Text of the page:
We’ve all been doing this video conferencing thing for a few months now. What have we all learned?

Keep your face away from the screen

You know that peephole in your front door? The one you look through to see who just knocked? It has a fish-eye effect that makes objects seem closer than they actually are. When the person outside stands just a little too close to the door all you can see is their gigantic face. That’s what it’s like for the rest of us when your face is right in front of the camera.

If for some reason you need to see what is on your screen there are simpler ways than leaning in and creeping out your fellow attendees.

For instance, the word zoom can have multiple definitions. The first definition is fast. As in “Zoom is a fast way to connect with coworkers.” Another definition is to go from a long shot to a close shot in a camera or document, eg, “Zoom in on what you are looking at while using Zoom so you don’t need to strain yourself to read things.”

If you’re guilty of the classic Zoom Lean, don’t feel bad. Tons of people have done it and your fellow meeting members will let you know you’re doing it with their own Zoom Lean Away body language.

Don’t sit in the same room as other people on the call.

From time to time you’ll have a video call and some of the attendees may be people who are in the same room as you. Even if you enjoy their company this is your perfect opportunity to not be in the same room as them.

What happens when you are in the same room as another person from the same call is what we imagine the world sounds like to bats. Echos. Echos everywhere.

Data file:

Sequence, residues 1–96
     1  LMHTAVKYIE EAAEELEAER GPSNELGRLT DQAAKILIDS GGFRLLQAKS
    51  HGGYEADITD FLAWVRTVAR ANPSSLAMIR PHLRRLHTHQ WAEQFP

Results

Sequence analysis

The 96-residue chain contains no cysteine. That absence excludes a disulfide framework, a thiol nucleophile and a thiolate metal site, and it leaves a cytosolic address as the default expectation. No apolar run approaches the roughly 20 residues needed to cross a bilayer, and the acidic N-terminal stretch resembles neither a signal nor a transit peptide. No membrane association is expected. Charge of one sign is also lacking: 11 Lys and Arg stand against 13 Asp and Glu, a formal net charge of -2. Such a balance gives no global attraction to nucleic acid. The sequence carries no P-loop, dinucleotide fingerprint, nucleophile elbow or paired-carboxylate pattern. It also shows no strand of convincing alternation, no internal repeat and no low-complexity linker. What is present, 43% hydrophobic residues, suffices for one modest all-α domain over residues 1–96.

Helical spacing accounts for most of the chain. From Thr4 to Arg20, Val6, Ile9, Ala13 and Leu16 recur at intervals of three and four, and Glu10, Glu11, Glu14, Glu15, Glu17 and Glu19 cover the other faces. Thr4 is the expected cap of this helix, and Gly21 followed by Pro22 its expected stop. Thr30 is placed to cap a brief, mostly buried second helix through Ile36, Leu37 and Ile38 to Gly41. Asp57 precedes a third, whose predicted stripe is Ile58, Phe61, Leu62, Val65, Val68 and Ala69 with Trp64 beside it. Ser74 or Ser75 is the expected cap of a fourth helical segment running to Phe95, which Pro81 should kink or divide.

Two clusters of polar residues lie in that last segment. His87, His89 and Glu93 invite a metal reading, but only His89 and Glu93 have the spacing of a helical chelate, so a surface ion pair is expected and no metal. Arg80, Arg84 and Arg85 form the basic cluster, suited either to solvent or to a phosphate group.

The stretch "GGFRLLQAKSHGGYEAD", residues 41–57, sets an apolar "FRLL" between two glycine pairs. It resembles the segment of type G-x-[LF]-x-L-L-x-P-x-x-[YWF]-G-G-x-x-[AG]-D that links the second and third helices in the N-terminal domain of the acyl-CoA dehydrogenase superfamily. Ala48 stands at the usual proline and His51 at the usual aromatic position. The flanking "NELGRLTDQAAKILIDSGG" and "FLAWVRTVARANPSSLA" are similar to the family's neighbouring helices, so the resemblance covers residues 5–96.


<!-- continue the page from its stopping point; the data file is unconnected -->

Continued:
Someone talks, it goes through your speakers, enters the microphone of the person nearby, escapes through your speakers once again and on and on and on. Each time the cycle occurs the quality of the sound decreases exponentially into what we can only imagine the 8th circle of Hell sounds like.

So for the sake of your fellow attendees and their auditory environments please do not attend a video meeting with someone sitting next to you.

One person per screen.

Similar to attending a video call with someone else nearby, you might be tempted to fit two bodies into one square. Attempting this feat typically leads to two outcomes:

  1. An uncomfortably limited amount of personal space you will have to reckon with long after the call is complete. Either one of you will feel uncomfortable about being shoulder to shoulder or one of the other meeting attendees will be.
  2. The other people on the call are not going to able to clearly see your faces trying to fit into one square and they will be guilty of breaking the first rule we discussed: the Zoom Lean.

In the future, and with any luck, we won’t have to attend as many video call meetings as we currently are. We can come together in person and have a whole new list of social norms to contend with. But keep these rules in mind when that time comes. They will still apply.